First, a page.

How determined is FG to prosecute tax defaulters after March 31st?
What then will be the advantage to those who complied with scheme if we don’t persecute? We must name and shame the defaulters after the deadline. We will definitely persecute them. In addition, the worst court is that of public opinion. So we have about 500 letters ready, when I spoke to two people that I know of the 500 people, they were begging me to give them the letter personally. The truth is that people don’t want to be embarrassed. Tax evasion is a criminal offence and we will persecute evaders after March 31.
How would you cope with a significant number of people not complying?
It will be very disappointing if a large number of people that should comply do not. That will mean that this work of getting the message out has failed. We are using every means, namely; social media, videos, adverts, website. We have done a lot to get the message out. When we were designing this program, the team went to Indonesia, Turkey, India and other countries that have done big tax amnesties; we found out that once people know you have the data, they will comply. Lagos, Ogun state and FCT have given us their Land registry. We have also gotten data from CAC, FIRS, SEC, CBN, Remita, NIBBS, FRSC, NCAA, among others. There is really no hiding place. Frankly, we are in no hurry. Nigerians have until March to declare, while the government has, from March going forward, to persecute.
What about people in rural areas?
Using the 80/20 principle, the people in the villages are not my problem, honestly. When I was the Ogun State Finance commissioner, even after I chased and chased people in the villages to pay tax, at the end of the day, each person pay about N2000 at most. I am not after chasing people like them. As mentioned earlier, two companies declared their assets and income, and paid a liability of $55 million and $45 million. So, we are concerned with big people that made their money from Nigeria.
Let me give you an example. We asked the Office of the Accountant General to send us the data of every payment over N100 million in the last five years. We then checked FIRS for the data on taxes they paid. These government contractors had declared less than the amount the government actually paid them. This does not even include their other income streams which would have included the transactions they had done with the bank and personally. This was business with the government, yet they weren’t declaring their income aptly.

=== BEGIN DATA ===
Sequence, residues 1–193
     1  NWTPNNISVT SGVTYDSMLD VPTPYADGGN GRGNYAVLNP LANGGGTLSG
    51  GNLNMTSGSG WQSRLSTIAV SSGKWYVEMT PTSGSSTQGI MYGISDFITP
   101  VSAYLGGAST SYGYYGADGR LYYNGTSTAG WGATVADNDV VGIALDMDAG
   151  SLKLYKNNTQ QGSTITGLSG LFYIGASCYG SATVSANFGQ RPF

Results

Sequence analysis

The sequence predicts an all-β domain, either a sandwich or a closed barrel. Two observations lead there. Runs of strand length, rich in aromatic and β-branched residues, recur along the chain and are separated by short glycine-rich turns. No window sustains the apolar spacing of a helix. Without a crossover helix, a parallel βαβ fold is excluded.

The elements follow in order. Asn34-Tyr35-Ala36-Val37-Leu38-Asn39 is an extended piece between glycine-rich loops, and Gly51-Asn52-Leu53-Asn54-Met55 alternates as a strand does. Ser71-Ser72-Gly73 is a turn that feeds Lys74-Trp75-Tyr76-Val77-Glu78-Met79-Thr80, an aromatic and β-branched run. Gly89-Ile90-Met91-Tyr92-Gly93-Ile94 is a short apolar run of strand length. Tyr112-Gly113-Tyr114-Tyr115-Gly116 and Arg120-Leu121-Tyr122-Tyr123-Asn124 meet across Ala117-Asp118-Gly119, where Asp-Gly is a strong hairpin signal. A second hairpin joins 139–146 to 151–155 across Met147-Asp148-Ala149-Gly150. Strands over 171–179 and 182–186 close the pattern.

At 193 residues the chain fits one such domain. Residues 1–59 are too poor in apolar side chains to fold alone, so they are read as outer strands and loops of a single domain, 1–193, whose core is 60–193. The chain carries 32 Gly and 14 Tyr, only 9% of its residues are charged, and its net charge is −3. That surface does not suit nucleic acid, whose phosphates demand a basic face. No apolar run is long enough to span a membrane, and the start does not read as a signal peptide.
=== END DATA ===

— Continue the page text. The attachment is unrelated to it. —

Nigeria’s tax to GDP ratio is just 6 percent, while Ghana and South Africa are at 15 per cent and 24 per cent, respectively. The numbers do not lie; people are not paying taxes.
Let’s get to the deadline first before we start asking for deadline extensions. Interestingly, on the list of the 500 addressees, the people that are most worried are the politicians. They are the ones pushing to comply before the deadline.
We have built in payment in instalments. We understand that a lot of people may not have the money at their disposal now. As long as people are ready to do the right thing, we will give them time to pay up.
Aggregate amount realised from VAIDS
The scheme has not ended, so it is difficult to answer that question. The declaration forms are filled on a daily basis and we review the declarations against our database. By human nature, people may not declare honestly, so we write back to them telling them that what they had declared is inaccurate.
However, we have two companies that have complied already, as I mentioned earlier. The experience from the study tells that people will want to wait till the last minute to declare. We are expecting a big rush towards the end. There is something in the psyche of Nigerians that leaves everything to the last minute. It is fine, nonetheless, because we will be fully ready when the rush comes. A lot of the processes are automated, hence, there won’t be challenges when the rush comes.